Data suggests that natural sequence variations and/or mutations in each person's mitochondrial DNA could be biologically informative in fields as diverse as cancer diagnostics, gerontology, and criminal forensics. Hundreds to thousands of mitochondria exist in each human cell, occupying up to a quarter of their cytoplasm. Sometimes informally described as "cellular power plants," mitochondria convert organic materials into ATP, the cell's energy currency and without which life would cease.
Dr. Maitra said that despite the original Mitochip's 96 percent success rate assigning base calls, there was room for improvement. Led by Drs. Shaoyu Zhou and Keyaunoosh Kassauei, the Hopkins group cobbled together the MitoChip v2.0. reported in this month's Journal of Molecular Diagnostics. It yielded essentially the same base-call success rate as its predecessor, showed near perfect reproducibility in replicate experiments, and detected more variations than the first-generation chip.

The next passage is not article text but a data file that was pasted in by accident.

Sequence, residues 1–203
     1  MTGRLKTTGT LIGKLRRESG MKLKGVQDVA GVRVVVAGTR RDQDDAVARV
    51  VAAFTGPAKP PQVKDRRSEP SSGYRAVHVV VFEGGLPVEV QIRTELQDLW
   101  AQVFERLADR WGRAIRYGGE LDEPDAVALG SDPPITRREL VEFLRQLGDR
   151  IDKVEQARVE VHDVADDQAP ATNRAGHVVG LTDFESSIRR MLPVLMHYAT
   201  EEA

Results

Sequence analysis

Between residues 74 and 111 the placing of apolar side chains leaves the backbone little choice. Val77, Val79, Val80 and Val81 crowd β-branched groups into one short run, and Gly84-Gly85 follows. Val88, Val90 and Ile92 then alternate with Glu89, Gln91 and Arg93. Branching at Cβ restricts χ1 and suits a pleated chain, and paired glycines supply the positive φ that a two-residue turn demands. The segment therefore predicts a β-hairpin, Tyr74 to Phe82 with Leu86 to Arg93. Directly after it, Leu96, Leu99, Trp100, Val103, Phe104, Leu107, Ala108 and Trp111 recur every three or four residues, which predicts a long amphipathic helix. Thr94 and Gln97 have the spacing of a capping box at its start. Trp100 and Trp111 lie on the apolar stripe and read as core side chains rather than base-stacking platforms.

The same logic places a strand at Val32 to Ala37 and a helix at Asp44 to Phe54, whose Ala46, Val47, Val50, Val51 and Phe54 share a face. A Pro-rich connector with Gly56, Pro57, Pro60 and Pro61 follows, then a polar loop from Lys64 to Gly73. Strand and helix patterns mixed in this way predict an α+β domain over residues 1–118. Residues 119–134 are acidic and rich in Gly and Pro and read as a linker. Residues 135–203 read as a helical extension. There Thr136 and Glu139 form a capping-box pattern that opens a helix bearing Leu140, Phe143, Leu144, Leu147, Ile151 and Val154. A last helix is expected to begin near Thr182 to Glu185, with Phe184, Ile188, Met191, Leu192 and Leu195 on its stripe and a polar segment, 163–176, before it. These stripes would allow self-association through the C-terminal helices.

As a proof of principle, the Mitochip v2.0 also detected 31 variations in the non-coding D-loop of 14 head and neck tumor samples. Included in this tally were several mutations that possibly are informative of the disease.
"The real interesting thing is nobody has been able to study these D-loop alterations very well," said Califano "They clearly occur in tumor cells, and there is some type of selection process for them. But their functional significance has been hard to know. Now, you can sequence the D loop so readily and begin to look harder for associations in certain cancers."
Using the chip they have arrayed 500 of the most common haplotypes - or grouped patterns of known DNA variations - banked in the mitochondrial public database.